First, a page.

CT evidence of acute ischemia either alone or in combination with chronic ischemia or microangiopathy present within 24 hours of a nondisabling stroke can help predict risk of recurrent stroke for up to 90 days, researchers reported. Patients with transient ischemic attacks (TIA) or nondisabling strokes who showed evidence of acute and chronic ischemia and microangiopathy had an eight-fold increase in risk for having another stroke over the next 3 months, lead researcher Jason K. Wasserman, MD, PhD, of Ottawa Hospital Health Research Institute, Ontario, and colleagues wrote in the American Heart Association journal Stroke, published online Dec. 4.
ImageWisely.org has launched a new initiative that will help radiology providers deliver quality patient care and optimize radiation dose and image quality during fluoroscopic procedures. The organization now offers online educational materials for fluoroscopy, computed tomography and nuclear medicine exams.
Lung cancer is often called a “silent killer,” and one-fourth of people with the disease show no symptoms when they are diagnosed. It’s often caught during chest X-rays or scans performed for other reasons. Last year, the U.S. Preventive Services Task Force recommended annual CT scans for patients ages 55 to 74 with a smoking history equivalent to one pack a day for 30 years who still smoke or who have quit within 15 years.
A new study suggests that radiologists are more attentive during interpretation with the presence of dense breast tissue regions. “If we wish to optimize viewing algorithms or design appropriate training strategies, the impact of breast density on radiologists’ behaviors needs to be better understood,” wrote Al Mousa and the research team.
According to a new study published in the Annals of Internal Medicine, researchers concluded that overuse of cardiac stress testing with images has led to rising healthcare costs and unnecessary exposure to radiation. Cardiac stress testing with imaging has been the focus of debate in regards to rising healthcare costs and patient safety, and this report is believed to be the first comprehensive study of cardiac stress testing with imaging.
According to a clinical study conducted at 15 medical centers, and published in the New England Journal of Medicine, CT scans are no better than the less-often-used utltrasound exams when diagnosing kidney stones. Unlike ultrasound, CT exposes patients to significant amounts of radiation. While CT is a preferred choice in the emergency room, the ultrasound is a better place to start the initial diagnostic imaging test.
X-RAY CE is proud to release Spine Imaging, 3rd Edition, a continuing education course for imaging professionals. Offering 12 Category A+ credits that are ASRT approved, this course discusses 200 case studies to challenge the imaging professional’s knowledge on a full range of topics in spine imaging. Each case includes images, supporting literature references, and a commentary to help gain a better understanding of how the correct diagnosis was reached. Emphasis on pathological conditions and clinical features are discussed as well.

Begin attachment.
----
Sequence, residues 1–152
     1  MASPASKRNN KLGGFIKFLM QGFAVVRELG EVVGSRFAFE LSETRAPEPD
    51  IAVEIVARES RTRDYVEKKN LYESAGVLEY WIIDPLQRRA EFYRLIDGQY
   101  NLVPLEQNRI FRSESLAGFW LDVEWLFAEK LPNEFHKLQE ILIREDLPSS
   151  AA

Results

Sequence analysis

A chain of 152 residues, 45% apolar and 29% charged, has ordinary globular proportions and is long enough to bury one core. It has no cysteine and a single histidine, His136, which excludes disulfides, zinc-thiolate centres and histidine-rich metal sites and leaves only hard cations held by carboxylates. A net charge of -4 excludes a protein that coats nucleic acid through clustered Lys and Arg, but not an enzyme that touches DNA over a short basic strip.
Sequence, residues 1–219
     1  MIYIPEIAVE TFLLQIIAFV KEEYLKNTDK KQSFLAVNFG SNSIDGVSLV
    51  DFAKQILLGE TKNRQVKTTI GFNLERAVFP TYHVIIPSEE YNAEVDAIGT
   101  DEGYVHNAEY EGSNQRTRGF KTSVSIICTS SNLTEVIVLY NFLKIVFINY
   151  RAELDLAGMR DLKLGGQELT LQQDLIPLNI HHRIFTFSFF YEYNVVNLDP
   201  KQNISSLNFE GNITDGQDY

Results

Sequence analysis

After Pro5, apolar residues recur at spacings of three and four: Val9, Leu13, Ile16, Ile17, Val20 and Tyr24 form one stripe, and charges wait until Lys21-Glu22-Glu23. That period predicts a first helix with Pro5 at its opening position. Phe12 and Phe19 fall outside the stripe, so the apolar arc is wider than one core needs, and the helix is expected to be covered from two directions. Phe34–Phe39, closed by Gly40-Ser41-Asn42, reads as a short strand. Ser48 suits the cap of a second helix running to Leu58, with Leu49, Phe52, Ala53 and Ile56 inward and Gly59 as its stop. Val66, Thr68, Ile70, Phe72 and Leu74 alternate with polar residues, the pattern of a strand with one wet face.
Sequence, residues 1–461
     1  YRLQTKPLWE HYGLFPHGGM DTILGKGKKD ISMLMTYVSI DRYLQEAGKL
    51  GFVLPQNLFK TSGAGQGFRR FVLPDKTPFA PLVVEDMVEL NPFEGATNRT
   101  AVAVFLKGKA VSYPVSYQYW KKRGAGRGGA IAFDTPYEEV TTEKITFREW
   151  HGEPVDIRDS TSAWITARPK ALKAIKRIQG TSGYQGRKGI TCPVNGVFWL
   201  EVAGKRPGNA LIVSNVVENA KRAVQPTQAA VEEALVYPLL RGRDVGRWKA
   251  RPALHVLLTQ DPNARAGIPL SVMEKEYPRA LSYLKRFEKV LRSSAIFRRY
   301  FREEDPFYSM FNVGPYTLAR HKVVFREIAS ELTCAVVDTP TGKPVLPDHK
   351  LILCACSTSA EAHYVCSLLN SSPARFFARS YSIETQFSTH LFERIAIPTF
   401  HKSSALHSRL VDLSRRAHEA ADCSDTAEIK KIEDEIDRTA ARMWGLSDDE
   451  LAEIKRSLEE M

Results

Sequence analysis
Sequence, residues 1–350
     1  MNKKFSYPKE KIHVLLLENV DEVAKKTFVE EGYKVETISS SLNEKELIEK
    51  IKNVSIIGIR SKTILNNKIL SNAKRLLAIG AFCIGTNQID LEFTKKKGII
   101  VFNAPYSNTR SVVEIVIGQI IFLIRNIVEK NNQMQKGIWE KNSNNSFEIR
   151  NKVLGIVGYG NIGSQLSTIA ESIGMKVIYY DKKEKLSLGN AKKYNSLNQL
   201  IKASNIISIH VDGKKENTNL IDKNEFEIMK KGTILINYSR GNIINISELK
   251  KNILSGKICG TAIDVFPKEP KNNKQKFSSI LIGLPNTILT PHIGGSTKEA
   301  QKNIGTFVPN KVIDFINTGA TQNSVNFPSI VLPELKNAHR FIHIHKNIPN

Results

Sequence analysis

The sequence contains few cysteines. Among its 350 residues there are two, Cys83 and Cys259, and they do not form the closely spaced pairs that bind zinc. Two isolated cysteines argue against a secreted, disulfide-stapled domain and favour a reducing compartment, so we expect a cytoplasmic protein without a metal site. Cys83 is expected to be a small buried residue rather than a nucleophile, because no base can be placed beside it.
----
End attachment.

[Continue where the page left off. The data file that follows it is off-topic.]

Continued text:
Spine Imaging, 3rd Edition is available as a traditional home study course and as an E-Course for $94.95 and includes book or ebook, posttest and online testing using X-RAY CE’s online testing center.
X-RAY CE has been assisting imaging professionals with their continuing education needs since 2001 and has one of the largest selections of course modalities for the x-ray industry.
Learn more at: xrayce.com
It can be hard to know when a headache should prompt medical evaluation. Rules have been developed helping medical professionals determine when imaging will be most beneficial. if a headache has other symptoms associated with it (such as nausea or vomiting) or is new, significantly worse or comes on suddenly, medical evaluation is warranted and imaging may be needed.
The medical imaging technology industry supports an estimated 12,124 jobs in the state of Washington and generates approximately $3.1 billion in total economic activity according to a report commissioned by the Medical Imaging & Technology Alliance. This activity creates an additional 5,169 jobs elsewhere in the U.S.
It can take several months to measure how effective treatment is for Cystic Fibrosis, the early-fatal lung disease, but now a new imaging method allows live viewing to monitor treatment. “Because we will be able to see how effectively treatments are working straight away, we’ll be able to develop new treatments a lot more quickly, and help better treat people with cystic fibrosis,” said lead researcher, Dr Morgan.